I have been lucky enough to drive many exotic and wonderful cars in these 10 years I have held my driving license from a Ferrari F355 to a Nissan GT-R, a Bentley GT to a Mercedes S63 AMG Coupe and they all left me with the same feeling… I want more. More speed, more power and a lot of the time, more comfort. But none of them were as different to drive as what I I had the pleasure of road testing 3 weeks ago.
The weekend its self was very eventful for me, as I was driving the Mercedes S63 AMG Coupe and the Mercedes AMG GT-S – however neither of these are the car in question. The car I got to take away for four days of testing was the rather interesting and surprisingly impressive Nissan Leaf.
First thing’s first, yes, it is flipping ugly and the interior isn’t much better. It definitely shares more characteristics with the Nissan Micra than the GT-R. I have been reassured by the friendly and incredibly helpful sales guys at Cambridge Nissan that the less than desirable exterior looks are all in the name of aerodynamics. Optimum efficiency was the the goal here and by the looks of it, they have done a rather good job.
Inside it’s a slightly better story, but not much… It has the usual plastic dash and door trims straight out of a Cadbury’s chocolate box and the buttons are straight out of a 1991 Nissan Sunny. It does have a few cool little touches though including a clever Nav system that lets you know where all the charging stations in your area are and the option to call ahead to make sure they are up and running.
With it being electric, there’s no need for a gear stick, so instead there is a weird blue and silver egg that you shift about to switch from Park, Neutral, Drive and Reverse. It all looks kind of cool but feels a bit cheap – a nice wheel mounted shift stalk probably would have looked better, but I would say that because my S class has that!
Dials and steering controls are all fairly standard, with a digital display replacing the conventional rev counter and speedo, and a special tree feature that pops up as you drive showing how environmentally you are being. Personally, I’d prefer a hug from a Polar Bear or something at the end of each drive.
And that brings me to the important bit, the drive. It’s a very strange experience, this driving and electric car, and I have only ever experienced it once before when I tested a BMW 7 Series Hybrid a few years ago. That feeling of moving with no engine sound and no gear changes. It just feels weird, but also quite cool. It sounds like a space ship or electric train when you pull away, and then all the noise you get is road and wind noise. Not good if you love the sound a V8 burbling away as you cruise down the motorway, but also not bad if it’s 5am and you just want a bit of piece and quiet.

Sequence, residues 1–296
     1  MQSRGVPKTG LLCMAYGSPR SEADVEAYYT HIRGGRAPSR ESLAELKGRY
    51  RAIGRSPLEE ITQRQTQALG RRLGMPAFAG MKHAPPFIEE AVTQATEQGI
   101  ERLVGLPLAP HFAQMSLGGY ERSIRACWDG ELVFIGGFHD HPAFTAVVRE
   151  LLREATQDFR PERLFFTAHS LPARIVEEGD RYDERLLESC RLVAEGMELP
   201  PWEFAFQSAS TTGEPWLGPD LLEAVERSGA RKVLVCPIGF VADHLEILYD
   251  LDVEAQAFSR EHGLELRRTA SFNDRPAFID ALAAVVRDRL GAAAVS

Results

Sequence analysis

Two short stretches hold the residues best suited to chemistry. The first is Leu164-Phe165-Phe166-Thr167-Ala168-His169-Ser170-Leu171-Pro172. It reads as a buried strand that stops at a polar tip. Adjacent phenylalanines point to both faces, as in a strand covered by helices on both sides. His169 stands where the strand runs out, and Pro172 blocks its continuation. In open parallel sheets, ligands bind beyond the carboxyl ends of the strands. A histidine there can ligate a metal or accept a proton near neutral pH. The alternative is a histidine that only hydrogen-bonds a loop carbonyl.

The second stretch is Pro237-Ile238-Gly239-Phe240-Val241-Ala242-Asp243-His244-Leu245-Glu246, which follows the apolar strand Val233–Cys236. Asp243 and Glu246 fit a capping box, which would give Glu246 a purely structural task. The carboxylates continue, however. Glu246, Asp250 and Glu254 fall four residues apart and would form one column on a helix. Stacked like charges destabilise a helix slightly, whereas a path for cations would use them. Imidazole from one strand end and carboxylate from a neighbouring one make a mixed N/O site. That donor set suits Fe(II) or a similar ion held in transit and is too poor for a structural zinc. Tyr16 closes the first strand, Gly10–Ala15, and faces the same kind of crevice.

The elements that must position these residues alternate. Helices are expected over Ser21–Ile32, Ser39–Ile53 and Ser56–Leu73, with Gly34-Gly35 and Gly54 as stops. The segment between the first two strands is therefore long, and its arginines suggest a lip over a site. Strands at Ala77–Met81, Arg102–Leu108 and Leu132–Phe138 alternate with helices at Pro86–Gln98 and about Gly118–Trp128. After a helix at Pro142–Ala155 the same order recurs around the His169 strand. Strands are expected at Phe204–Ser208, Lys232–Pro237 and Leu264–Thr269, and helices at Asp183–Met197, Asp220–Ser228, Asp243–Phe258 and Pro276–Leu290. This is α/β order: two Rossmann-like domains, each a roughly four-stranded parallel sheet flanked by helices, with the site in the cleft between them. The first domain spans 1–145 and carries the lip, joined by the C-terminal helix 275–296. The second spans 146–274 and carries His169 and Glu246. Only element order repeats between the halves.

In normal driving mode it is definitely nothing special, in fact it is pretty damn slow and boring. The steering is light with no feel, you sit up like you’re driving on stilts and it rolls like a mid 90’s Volvo estate. Take it out of “ECO” mode, however, and it’s actually a little space rocket! Due to it’s magical electrical trickery and lack of gears, it propels from 0 to 40mph quicker than it’s spleen relocating bigger, unhealthier, penguin hating brother, the almighty GT-R! Unfortunately that’s where the excitement stops, and once you’ve had that little bit of fun, the reality of it all comes back as you’ve probably halved your range. The 107bhp is only really fully available at this time, and unless you have plenty of time to charge the thing, it will probably get used like this very rarely.
The reason I was up for testing the Leaf was purely because I was curious to see just how easy it is to live with an Electric car if you don’t live in the centre of London or another equipped city. I live in a small Cathedral city near Cambridge and within 10 miles of me, there are only 6 charging points. So you can instantly see the issue here. The other main issue I had was that I live in a first floor flat with public residents parking… Queue a bloody long extension cable being run out of kitchen window, down the side the of the building and across a few spaces. Overall range isn’t actually that bad if you live and work locally. I believe I was getting around 80 miles per charge which got me to my office and back a couple of times. Again, these things still aren’t ready for people with lives like mine. Not only am I living in the wrong city, on the wrong floor of a building with the wrong parking, I also do around 20-30,000 miles a year. So unless you don’t mind parking up for 2-3 hours at a time whilst on the way to a meeting, big tanked diesels will still win the battle of the mile munching sales rep…
In conclusion, I actually kind of liked the Leaf at times, it was nippy when it needed to be and it had a lot of space inside. But for me, as a warm blooded petrolhead who loves the sound of an angry V-formation engine, the result was as expected. That, and it’s still surprisingly hard to live with due to a pretty disappointing infrastructure in this area. Now obviously I am more than happy to see if the simply stunning Tesla S can change my opinion on this, but until I get to play with one of them, I am just not sold.